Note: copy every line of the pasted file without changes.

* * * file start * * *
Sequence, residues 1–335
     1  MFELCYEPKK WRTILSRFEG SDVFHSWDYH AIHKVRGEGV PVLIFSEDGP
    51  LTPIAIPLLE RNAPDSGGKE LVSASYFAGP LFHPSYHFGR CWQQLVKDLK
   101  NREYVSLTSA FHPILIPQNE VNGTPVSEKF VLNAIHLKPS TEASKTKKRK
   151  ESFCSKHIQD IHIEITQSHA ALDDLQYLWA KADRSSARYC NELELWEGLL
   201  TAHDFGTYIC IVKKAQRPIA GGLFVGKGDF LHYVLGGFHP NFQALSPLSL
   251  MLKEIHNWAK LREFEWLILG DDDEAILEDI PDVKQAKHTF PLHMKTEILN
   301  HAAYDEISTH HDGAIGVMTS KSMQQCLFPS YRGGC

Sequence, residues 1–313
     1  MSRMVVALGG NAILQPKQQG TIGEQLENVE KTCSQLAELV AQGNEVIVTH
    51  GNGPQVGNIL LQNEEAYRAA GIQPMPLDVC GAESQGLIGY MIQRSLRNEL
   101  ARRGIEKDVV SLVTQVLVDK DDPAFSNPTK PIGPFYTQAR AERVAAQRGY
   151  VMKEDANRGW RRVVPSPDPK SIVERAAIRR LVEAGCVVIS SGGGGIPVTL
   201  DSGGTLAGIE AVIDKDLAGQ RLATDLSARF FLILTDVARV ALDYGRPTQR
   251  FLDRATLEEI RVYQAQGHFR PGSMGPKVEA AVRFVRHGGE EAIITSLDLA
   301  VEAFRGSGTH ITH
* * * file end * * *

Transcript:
Sequence, residues 1–335
     1  MFELCYEPKK WRTILSRFEG SDVFHSWDYH AIHKVRGEGV PVLIFSEDGP
    51  LTPIAIPLLE RNAPDSGGKE LVSASYFAGP LFHPSYHFGR CWQQLVKDLK
   101  NREYVSLTSA FHPILIPQNE VNGTPVSEKF VLNAIHLKPS TEASKTKKRK
   151  ESFCSKHIQD IHIEITQSHA ALDDLQYLWA KADRSSARYC NELELWEGLL
   201  TAHDFGTYIC IVKKAQRPIA GGLFVGKGDF LHYVLGGFHP NFQALSPLSL
   251  MLKEIHNWAK LREFEWLILG DDDEAILEDI PDVKQAKHTF PLHMKTEILN
   301  HAAYDEISTH HDGAIGVMTS KSMQQCLFPS YRGGC

Sequence, residues 1–313
     1  MSRMVVALGG NAILQPKQQG TIGEQLENVE KTCSQLAELV AQGNEVIVTH
    51  GNGPQVGNIL LQNEEAYRAA GIQPMPLDVC GAESQGLIGY MIQRSLRNEL
   101  ARRGIEKDVV SLVTQVLVDK DDPAFSNPTK PIGPFYTQAR AERVAAQRGY
   151  VMKEDANRGW RRVVPSPDPK SIVERAAIRR LVEAGCVVIS SGGGGIPVTL
   201  DSGGTLAGIE AVIDKDLAGQ RLATDLSARF FLILTDVARV ALDYGRPTQR
   251  FLDRATLEEI RVYQAQGHFR PGSMGPKVEA AVRFVRHGGE EAIITSLDLA
   301  VEAFRGSGTH ITH